Like all holidays, Easter is associated with many rituals and traditions we repeat year after year. There are Easter colors, Easter songs, Easter flowers, and so on. Even if you don’t come from a religious background, maybe you participated in Easter egg hunts when you were young or shared a special meal with family and friends. Within the Christian tradition, Easter is the high point of the church calendar- yes, even bigger than Christmas! Consequently, there are arguably more rituals and traditions associated with Easter than with any other Christian holiday.

Next week, Christians all over the world will be breaking tradition and declining ritual simply because many of us will not be able to attend a church service in person. Instead, many churches will have an online service, as they have been doing since shelter-in-place orders.  

This is definitely a disruption of ritual and a change in our routine; thus, many of us may feel uncomfortable, even sad and grieved this Easter. Our rituals ground us, help us to remember important truths, and connect us to the generations that have gone before us. It is good to have such rhythms in our lives. The predictability is calming, the anticipation is joyful, the memories can be rich, and there is a communal aspect that is vital for our sense of humanness.  

But Easter is not going to be the same this year. 

This situation has me thinking: do I really understand Easter? Do I really know the Easter story? Can I feel it’s warmth deep down in my bones? And most pressing on my mind right now, can I experience its truth when I am alone, closed off in my house?

This Easter, I don’t get to rely on the powerful worship songs that envelop me as I sing in unison with my congregation. I won’t be able to enjoy conversations with a seasoned saint at my church’s Easter Pancake Breakfast. Wearing an ‘Easter dress’ might feel out of place when I am sitting on my couch or wrangling my toddler. (The jury is still out, I might actually need to wear the Easter dress for self-esteem purposes…)  

Easter is not going to be the same this year. It’s going to be something different, something new but with ancient roots.

God has been challenging me to return to the old Easter story with fresh eyes. To see it for what it is without any distractions, without the traditions and rituals I have grown accustomed to. Perhaps God is inviting you back to this story, too.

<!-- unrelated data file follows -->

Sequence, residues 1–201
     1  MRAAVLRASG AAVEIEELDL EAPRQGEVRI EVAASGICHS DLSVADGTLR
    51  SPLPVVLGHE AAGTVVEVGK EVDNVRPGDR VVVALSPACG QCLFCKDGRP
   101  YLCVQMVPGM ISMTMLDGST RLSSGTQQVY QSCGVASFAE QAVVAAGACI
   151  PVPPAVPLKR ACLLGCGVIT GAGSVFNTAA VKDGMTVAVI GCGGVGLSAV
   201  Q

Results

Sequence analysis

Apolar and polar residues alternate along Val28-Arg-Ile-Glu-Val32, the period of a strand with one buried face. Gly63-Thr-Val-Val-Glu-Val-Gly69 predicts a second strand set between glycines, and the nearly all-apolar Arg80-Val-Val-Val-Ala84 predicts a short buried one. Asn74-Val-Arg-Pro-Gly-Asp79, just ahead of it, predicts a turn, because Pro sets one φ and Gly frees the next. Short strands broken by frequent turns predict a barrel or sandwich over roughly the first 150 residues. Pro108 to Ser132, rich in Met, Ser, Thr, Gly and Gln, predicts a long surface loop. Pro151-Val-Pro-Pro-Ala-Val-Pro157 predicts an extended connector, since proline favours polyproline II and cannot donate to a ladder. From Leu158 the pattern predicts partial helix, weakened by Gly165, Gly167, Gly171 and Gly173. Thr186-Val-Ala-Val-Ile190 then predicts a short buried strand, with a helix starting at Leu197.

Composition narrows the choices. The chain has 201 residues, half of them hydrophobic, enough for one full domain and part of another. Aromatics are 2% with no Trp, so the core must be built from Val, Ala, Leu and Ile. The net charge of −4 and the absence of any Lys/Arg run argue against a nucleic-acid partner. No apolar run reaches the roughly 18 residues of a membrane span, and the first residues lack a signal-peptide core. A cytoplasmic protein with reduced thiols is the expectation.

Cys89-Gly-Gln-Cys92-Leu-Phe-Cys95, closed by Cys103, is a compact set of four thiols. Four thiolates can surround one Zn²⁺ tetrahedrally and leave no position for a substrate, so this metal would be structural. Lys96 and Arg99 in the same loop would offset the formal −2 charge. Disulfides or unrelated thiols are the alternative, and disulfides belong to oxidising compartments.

The Easter story is the Gospel story; God sent his Son to free us from our sin by dying and resurrecting so that we, too, could have eternal life. Easter is about resurrection: a fancy way of saying that Jesus didn’t stay dead! Everything in the Christian faith hangs on that one moment, when Jesus rose from the grave, defeating death itself. 

There are many passages in the Bible that discuss this moment and its significance, but for the particular situation in which we find ourselves this year, I want to share my favorite Easter Scripture with you. This passage is not always included in traditional Easter services, but if you spend time with the passage, you’ll see that it is in fact saturated with resurrection truth:

Once we, too, were foolish and disobedient. We were misled and became slaves to many lusts and pleasures. Our lives were full of evil and envy, and we hated each other. But—

When God our Savior revealed his kindness and love, he saved us, not because of the righteous things we had done, but because of his mercy. He washed away our sins, giving us a new birth and new life through the Holy Spirit. He generously poured out the Spirit upon us through Jesus Christ our Savior. Because of his grace he made us right in his sight and gave us confidence that we will inherit eternal life.1

Did you catch that whole “new birth and new life” part? That’s Easter! In Christ, we are heirs to the throne of God.2 This is only possible because of God’s grace and mercy toward us. We have a good, loving, kind, resurrected Savior. In Christ, we experience Easter every day; God has given us new life and is actively renewing more and more of ourselves each day.

Yes, Christ’s resurrection is a historic event, but we also experience little resurrections by the power of the Holy Spirit day by day. As we seek God and cling to his Scriptures, even without our normal traditions and rituals, God will make the dead parts of our hearts come to life. Ezekiel described this transformation as dead stone turning to flesh.3

Where we are calloused or apathetic, God is giving us empathy for others. Where we are hurt or bitter, God is healing us and restoring our relationships. Where we are jealous and judgmental, God is prompting us to forgive and to extend mercy toward others.

Don’t miss these little resurrections in your life! Perhaps with increased solitude right now, God will show you where he is bringing new life in you and in those around you. Maybe that’s what this Easter is all about.

For your consideration:

  • What rituals or traditions are you losing this year?
  • In what new rhythms and rituals can you participate during this time that you couldn’t before you were confined to your home?
  • Where do you see ‘little resurrections’ around you?
  • How much have you prayed for more resurrection in your heart? (Maybe pray right now!) 
  1. Titus 3:3-7
  2. Romans 8:17
  3. Ezekiel 36:26
Alicia Weber

Author Alicia Weber

Alicia Weber is a World History teacher at Valley Christian School. Her favorite things are hazelnut creamer, Star Wars, and talking to students about Jesus (not necessarily in that order.)

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